Binanggit din sa artikulo na ang tatay ni Versoza, na isa noong Colonel sa militar, ang nagpasok sa kanya sa PMA. Sabi ni Versoza, wala siyang ibang alam sa PMA kundi ang mga paradang ginagawa nito. Sandali lamang, kung isa kang aktibista, o itinuturing mo ang sarili mo bilang aktibista, siguro naman at dapat ay kilala mo ang pangunahing nagtuturo at nagpapalaki ng mga pinuno ng pangunahing pasistang institusyon ng estado!

Si Lenin (Lenin on Language, 1983) ang unang nagpaalala sa mga aktibista na mag-ingat sa paggamit ng wika, at ng mga salita. Hindi lamang dapat basta-basta gamitin ang salitang "commune" halimbawa kung hindi ito produkto ng mahabang proseso ng kontradiksyon sa lipunan at sa sarili (pansinin ang "Diliman Commune"). At kahit naman hindi ka aktibista, napakahalaga ng sapat na pag-intindi sa mga ginagamit na salita. Dating aktibista nga kaya si Versoza kung hindi naman siya naging aktibista?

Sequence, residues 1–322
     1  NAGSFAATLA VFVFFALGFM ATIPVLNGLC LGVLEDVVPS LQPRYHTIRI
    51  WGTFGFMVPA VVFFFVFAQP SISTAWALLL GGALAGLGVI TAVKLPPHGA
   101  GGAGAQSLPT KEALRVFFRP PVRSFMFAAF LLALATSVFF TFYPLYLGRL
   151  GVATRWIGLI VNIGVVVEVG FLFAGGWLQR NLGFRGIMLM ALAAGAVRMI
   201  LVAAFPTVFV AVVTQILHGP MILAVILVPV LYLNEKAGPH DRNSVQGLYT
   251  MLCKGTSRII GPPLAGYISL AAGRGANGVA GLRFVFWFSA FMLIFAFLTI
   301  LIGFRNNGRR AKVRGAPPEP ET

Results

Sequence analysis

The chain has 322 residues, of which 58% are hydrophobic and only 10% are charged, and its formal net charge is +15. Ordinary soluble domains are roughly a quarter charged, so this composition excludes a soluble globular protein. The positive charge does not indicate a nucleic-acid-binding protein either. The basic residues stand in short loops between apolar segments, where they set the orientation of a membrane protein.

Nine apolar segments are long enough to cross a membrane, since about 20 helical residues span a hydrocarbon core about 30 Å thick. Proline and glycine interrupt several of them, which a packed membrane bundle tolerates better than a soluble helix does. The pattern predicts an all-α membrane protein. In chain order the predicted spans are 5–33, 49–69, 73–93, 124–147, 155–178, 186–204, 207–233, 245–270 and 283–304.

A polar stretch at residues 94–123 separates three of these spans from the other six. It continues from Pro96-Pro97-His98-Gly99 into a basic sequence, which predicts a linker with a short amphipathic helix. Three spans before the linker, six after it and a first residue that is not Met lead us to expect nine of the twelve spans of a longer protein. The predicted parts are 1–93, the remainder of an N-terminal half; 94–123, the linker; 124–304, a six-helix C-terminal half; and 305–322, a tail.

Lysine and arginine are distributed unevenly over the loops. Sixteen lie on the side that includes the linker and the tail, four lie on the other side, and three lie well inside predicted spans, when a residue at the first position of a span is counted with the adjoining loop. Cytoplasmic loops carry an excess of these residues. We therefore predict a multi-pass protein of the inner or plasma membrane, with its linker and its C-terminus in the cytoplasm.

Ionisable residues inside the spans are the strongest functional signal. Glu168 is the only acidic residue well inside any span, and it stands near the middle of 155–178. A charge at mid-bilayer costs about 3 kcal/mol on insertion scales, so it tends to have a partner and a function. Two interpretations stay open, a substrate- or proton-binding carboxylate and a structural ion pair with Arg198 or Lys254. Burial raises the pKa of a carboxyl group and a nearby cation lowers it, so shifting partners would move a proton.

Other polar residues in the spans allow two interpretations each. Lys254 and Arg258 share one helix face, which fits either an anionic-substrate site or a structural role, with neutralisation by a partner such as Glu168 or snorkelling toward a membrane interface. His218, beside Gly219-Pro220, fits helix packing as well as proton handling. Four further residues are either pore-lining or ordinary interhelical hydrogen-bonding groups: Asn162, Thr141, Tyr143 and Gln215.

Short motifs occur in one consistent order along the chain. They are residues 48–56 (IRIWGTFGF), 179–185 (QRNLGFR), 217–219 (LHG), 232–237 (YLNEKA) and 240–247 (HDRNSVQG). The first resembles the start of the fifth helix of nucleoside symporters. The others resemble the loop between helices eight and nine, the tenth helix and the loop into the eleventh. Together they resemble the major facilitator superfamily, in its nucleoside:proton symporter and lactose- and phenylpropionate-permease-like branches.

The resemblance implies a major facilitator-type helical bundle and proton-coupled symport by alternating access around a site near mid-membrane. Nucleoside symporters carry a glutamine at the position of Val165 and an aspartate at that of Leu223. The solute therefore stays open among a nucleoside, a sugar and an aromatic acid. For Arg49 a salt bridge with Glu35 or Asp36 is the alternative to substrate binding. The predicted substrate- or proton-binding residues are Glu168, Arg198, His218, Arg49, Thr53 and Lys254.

Friday, September 26, 2008

mga nakakaaliw na "sayns"

Madalas akong lumabas o pumunta sa palengke namin. Kung gaano kadalas ako lumabas ay ganoon din kadalas ako makaita ng mga nakakaaliw na signs o mga pangalan ng tindahan. Siguro isa rin ito sa paraan upang makahatak o makattract ng customer ang isang tindahan. Madalas ko kasi ito nakikita sa mga maraming tao, madalas sa palengke, mall o kung saan lang maraming tao. Nakakakuha nga naman ng attention ito. Minsan nga ay natatawa ako mag-isa sa kalye kapag ako ay nakakakita. Naisip ko rin na minsan ay naimpluwensiya na siguro sa pamamaraan ang pagtext kaya doon nila binase ang pangalan. O kaya naman kung anu ang patok sa masa.